I am a devotee of Eris. She and I have had a relationship since high school, really, though I resisted the situation for many years. This post is fairly important for me since my connection to her is both deeply personal and is my primary reason for continuing to walk the path of theism rather than one of atheism.
In high school, I invented a character named Ariaka Soorat. This was a character I used in my fledgling table top role-playing days as well as online in a variety of early MUDs. In the ongoing adventures of Mr. Soorat, he gained the title “Incarnation of Chaos.” It was a suitably mysterious and darkly appropriate title for my teenage years, if shockingly dramatic in retrospect.
In time, Ariaka fathered a son. I have no idea who the mother was, I’m not sure it was important at the time, and that son’s name was Dashifen. For those who are savvy to my identity — and for everyone else, I guess you’re about to be — I’ve taken that name as my middle name and used it as a part of my identity for years. Google it; you’ll find me.
Part of the persona of Ariaka Soorat, and later his son, Dashifen, was that of the powerful rebel. The type of person who was willing to do something spontaneously glorious only for the purpose of the experience. Ariaka didn’t need a lot of motivation for what he did; if it seemed interesting, it probably was. In some ways, he was very much an archetypal fool seeking new experiences and I, through role-playing games, was experiencing things with him.
Dashifen was a little more tempered. Still a rebel, in fact he was a rogue for those of you familiar with the concept from RPGs, but a little more stable than his father was. In many ways, he was a refining of the original concept. Someone who was not ruled by the vicissitudes of a situation, but instead flowed within them changing himself and altering his perceptions to suit the needs of the moment.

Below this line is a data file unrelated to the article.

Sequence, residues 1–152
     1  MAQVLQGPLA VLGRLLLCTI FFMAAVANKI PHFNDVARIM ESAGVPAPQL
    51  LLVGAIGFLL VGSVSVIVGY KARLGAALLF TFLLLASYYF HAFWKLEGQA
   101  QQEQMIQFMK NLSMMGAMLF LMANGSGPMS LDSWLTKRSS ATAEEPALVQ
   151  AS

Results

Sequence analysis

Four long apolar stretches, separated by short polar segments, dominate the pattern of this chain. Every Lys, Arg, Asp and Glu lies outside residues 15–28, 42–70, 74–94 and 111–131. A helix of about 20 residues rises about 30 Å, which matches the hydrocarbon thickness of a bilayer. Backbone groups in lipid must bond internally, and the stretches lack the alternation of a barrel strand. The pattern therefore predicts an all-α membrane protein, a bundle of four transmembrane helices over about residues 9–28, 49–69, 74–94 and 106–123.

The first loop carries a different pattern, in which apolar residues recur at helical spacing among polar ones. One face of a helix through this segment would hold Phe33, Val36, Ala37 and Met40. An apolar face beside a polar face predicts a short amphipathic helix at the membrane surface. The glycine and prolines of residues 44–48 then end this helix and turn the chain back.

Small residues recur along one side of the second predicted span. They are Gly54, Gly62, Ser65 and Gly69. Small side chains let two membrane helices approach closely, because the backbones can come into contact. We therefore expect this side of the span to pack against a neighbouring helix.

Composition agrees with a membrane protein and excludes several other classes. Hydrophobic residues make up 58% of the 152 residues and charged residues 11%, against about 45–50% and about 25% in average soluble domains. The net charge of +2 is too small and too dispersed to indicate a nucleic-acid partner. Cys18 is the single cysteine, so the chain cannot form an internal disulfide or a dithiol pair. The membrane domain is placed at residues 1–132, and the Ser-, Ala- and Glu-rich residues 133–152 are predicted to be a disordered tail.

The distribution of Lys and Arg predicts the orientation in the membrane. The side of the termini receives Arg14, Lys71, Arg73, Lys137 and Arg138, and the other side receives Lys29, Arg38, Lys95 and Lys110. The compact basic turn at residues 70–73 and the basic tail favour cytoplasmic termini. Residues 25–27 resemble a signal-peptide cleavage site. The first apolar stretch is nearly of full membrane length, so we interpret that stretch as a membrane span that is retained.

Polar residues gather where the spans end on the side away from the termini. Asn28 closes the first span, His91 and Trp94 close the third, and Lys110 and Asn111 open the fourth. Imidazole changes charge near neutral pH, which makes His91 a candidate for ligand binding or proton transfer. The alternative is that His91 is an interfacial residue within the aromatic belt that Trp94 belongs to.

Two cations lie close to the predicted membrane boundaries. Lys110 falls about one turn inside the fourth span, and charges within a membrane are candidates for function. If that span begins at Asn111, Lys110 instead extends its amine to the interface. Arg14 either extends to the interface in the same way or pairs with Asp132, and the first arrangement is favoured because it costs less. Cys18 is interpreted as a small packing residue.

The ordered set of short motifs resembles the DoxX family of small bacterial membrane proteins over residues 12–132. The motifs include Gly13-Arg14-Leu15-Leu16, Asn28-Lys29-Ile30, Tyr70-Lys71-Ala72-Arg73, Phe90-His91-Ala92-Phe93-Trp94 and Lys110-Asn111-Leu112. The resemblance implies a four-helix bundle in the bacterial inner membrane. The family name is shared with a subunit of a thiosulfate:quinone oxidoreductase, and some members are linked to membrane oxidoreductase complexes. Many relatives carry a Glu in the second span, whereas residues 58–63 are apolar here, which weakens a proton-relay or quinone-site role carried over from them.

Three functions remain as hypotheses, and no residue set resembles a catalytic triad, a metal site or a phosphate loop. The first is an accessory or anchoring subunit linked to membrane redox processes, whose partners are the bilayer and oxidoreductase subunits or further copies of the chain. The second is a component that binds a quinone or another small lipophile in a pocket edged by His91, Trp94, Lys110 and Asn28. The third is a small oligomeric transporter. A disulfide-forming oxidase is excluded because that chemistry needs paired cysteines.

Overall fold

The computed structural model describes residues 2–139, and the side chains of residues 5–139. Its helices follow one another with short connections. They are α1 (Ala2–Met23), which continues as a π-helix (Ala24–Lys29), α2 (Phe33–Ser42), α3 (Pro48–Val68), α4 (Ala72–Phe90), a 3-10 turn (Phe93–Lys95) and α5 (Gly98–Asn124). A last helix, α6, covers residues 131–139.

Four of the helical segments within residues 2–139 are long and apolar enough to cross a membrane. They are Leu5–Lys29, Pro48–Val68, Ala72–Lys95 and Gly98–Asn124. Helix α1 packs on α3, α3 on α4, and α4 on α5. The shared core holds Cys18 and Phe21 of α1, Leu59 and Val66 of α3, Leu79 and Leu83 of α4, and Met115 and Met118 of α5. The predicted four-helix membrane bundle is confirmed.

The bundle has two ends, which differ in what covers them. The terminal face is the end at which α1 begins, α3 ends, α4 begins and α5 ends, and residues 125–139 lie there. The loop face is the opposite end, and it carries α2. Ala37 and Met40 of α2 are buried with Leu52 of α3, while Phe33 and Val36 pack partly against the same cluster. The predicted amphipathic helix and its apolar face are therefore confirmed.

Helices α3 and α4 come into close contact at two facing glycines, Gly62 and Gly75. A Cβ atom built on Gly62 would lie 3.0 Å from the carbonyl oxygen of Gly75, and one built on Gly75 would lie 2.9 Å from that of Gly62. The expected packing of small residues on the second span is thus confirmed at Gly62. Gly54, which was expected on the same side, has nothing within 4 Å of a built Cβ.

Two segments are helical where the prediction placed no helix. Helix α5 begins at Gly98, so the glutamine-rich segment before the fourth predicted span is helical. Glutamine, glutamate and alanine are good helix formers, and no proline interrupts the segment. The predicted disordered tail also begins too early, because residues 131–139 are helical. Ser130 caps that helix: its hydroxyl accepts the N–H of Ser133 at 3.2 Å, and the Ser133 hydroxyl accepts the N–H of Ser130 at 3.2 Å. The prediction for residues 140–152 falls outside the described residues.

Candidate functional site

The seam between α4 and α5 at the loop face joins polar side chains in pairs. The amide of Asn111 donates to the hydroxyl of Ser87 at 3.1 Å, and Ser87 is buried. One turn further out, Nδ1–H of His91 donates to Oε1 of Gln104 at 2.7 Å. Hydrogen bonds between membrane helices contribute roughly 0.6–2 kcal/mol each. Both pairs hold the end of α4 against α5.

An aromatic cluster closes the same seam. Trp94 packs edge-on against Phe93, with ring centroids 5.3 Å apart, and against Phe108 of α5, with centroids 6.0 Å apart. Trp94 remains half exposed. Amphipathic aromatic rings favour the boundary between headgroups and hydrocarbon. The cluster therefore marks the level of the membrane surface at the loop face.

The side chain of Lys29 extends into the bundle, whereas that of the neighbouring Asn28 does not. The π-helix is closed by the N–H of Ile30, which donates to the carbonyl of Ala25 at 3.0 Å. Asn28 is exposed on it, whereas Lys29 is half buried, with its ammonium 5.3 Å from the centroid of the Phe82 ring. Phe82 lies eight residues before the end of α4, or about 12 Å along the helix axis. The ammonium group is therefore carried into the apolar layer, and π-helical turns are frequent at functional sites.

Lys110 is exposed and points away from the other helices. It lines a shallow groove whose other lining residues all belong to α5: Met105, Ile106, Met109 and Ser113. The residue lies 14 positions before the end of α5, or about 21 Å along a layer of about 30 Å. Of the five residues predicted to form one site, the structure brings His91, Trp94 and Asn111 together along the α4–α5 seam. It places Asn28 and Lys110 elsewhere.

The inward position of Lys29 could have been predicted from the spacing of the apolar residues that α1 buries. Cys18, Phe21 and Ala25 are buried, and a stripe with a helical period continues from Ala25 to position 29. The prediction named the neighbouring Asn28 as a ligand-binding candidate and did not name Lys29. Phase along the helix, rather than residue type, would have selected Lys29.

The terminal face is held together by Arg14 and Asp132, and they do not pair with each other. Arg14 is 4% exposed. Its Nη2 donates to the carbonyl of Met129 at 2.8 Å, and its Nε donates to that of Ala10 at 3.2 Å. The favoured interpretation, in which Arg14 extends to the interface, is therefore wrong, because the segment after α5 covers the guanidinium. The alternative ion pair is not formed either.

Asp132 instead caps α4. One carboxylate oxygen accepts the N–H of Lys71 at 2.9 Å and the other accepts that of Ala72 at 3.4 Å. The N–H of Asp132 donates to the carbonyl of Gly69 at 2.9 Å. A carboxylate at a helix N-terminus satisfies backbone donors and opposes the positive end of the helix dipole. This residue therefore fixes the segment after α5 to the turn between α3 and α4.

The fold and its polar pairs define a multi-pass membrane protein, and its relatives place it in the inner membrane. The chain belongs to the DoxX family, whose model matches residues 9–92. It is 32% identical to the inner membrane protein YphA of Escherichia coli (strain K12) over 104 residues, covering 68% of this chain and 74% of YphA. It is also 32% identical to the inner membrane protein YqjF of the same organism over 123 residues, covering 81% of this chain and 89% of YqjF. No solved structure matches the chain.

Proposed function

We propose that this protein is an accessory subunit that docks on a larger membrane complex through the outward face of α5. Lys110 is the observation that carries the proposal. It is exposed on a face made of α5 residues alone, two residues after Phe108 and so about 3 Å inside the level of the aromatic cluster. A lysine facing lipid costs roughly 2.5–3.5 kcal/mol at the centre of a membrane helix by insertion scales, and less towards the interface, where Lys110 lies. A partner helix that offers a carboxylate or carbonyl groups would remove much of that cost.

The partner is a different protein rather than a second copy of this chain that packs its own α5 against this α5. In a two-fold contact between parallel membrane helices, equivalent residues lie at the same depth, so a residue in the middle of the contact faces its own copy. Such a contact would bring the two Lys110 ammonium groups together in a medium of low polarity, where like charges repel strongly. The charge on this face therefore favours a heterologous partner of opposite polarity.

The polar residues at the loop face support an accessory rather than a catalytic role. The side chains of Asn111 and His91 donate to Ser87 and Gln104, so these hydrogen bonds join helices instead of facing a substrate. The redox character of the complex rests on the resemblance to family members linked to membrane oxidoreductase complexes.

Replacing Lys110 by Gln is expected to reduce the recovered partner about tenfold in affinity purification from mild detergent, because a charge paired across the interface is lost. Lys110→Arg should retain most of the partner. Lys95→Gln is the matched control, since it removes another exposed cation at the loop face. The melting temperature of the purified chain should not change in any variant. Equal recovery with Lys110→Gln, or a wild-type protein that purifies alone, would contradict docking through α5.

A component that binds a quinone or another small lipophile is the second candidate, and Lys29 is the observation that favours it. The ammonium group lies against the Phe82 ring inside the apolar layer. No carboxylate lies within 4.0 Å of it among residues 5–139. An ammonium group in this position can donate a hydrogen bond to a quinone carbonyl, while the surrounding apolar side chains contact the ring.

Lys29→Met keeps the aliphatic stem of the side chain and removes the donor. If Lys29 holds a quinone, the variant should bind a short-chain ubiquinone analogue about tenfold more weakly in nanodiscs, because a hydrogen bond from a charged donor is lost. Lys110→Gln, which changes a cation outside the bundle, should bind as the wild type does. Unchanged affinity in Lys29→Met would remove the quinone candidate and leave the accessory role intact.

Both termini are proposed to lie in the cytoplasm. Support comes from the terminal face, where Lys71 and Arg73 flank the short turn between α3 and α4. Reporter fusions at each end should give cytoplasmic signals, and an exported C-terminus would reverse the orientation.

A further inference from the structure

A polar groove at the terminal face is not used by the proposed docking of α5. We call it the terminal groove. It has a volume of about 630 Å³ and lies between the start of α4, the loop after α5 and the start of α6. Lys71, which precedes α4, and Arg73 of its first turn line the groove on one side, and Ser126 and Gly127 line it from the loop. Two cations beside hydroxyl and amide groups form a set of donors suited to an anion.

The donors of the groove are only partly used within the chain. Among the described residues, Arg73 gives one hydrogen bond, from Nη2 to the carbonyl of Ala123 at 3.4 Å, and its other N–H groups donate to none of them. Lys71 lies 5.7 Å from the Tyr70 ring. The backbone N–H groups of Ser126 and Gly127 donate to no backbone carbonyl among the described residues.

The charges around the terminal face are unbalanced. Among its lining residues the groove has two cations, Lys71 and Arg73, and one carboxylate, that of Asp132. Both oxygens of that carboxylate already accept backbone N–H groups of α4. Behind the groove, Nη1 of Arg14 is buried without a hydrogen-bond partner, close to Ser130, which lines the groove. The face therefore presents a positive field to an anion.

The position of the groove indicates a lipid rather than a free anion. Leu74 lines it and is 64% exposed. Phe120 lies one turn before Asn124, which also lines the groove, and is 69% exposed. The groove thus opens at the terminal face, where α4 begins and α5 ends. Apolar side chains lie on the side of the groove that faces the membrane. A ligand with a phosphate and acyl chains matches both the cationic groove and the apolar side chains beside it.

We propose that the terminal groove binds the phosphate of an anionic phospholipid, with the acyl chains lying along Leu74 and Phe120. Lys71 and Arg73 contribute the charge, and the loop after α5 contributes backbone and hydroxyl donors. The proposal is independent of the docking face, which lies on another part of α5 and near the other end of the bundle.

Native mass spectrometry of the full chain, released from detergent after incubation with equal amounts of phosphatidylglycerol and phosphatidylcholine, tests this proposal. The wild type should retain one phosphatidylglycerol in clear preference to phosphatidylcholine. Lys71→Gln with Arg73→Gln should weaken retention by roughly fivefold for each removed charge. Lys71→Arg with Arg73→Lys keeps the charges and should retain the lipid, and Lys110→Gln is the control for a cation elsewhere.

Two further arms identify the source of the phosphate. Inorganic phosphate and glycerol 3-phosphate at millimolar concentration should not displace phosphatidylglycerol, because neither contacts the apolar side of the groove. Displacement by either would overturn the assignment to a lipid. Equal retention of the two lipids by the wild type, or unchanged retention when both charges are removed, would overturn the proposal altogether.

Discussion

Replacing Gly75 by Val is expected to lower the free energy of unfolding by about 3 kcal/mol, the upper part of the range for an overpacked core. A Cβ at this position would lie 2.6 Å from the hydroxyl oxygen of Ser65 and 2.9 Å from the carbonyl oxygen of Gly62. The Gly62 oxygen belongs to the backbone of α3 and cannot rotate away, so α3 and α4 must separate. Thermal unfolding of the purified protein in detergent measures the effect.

He sought stability through instability.
Transformation and Change
There are many deities of transformation and change. For me, Eris is one of them. She is the mover and shaker of what is normal. She stirs things up not only to force change but, I find, to ensure that all things can reach a form of equality.
I like soup; I also like abrupt transitions. A good soup isn’t simply broth. It should also have veggies and maybe meat or legumes as a part of its composition. If I recall my high school physics, heating a liquid causes circular motion, convection cells, mixing the contents within. This motion helps to evenly heat the broth and the morsels of solid food contained therein.
Eris’s role in my life is that of the heat. I don’t find that she’s the sort to take a direct hand in events; she simply heats the soup and lets all the bits inside it move around until things reach some sort of equilibrium in motion. I hate to use the phrase “order from chaos” because that’s neither how I see the world nor how I find Eris. Instead, I prefer the one I used above: stability through instability. That stability doesn’t have to be ordered or even stationary; in fact, I suspect that it’s usually not. Fractures, divisions, and differences will still pull at it, but as long as these forces are met, dealt with, and understood, the stability can remain.
Eris as Information